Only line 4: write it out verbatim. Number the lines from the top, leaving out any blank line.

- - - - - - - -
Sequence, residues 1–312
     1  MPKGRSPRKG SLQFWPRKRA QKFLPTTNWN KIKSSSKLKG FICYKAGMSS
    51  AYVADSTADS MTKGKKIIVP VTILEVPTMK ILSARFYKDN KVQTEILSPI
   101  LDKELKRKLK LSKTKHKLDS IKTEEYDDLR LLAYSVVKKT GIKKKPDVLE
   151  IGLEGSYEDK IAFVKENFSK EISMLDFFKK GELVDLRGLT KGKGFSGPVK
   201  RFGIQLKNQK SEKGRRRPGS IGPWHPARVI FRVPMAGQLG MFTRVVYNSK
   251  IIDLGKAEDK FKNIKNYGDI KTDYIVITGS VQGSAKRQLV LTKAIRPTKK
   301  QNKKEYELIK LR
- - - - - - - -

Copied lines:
   101  LDKELKRKLK LSKTKHKLDS IKTEEYDDLR LLAYSVVKKT GIKKKPDVLE